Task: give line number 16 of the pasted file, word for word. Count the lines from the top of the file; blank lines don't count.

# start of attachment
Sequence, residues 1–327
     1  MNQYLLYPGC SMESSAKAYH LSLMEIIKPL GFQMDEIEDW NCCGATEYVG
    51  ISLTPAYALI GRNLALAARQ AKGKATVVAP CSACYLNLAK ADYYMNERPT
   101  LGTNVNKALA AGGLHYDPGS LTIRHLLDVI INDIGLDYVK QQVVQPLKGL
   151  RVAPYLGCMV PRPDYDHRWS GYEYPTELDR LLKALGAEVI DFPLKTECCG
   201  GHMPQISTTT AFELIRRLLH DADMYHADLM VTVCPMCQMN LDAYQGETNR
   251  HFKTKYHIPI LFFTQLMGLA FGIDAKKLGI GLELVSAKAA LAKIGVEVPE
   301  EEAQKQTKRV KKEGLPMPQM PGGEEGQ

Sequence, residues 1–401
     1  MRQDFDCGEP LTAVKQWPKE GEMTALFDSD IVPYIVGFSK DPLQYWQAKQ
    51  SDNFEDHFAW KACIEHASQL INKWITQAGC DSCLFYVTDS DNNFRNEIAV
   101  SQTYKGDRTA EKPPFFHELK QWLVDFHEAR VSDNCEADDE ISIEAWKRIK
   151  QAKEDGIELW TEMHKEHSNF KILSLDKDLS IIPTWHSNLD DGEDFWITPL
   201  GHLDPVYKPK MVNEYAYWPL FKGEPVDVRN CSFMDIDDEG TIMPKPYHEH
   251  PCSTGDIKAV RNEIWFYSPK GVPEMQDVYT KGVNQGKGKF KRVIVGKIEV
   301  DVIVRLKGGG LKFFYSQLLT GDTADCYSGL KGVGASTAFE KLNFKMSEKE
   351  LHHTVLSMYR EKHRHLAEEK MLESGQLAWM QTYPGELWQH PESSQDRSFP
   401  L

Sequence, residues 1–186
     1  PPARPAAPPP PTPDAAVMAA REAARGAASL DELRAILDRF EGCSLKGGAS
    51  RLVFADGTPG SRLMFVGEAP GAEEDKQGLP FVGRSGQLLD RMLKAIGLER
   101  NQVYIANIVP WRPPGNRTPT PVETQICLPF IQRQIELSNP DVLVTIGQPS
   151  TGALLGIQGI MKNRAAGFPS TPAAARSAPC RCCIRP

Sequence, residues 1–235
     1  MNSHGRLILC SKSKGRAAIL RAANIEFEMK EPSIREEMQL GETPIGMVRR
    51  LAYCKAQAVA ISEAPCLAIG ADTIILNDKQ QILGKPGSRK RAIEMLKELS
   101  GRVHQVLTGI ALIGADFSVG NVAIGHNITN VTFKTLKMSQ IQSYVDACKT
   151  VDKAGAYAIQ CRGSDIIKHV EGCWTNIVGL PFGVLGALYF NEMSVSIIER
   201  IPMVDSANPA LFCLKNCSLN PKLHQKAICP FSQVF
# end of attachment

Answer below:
   301  DVIVRLKGGG LKFFYSQLLT GDTADCYSGL KGVGASTAFE KLNFKMSEKE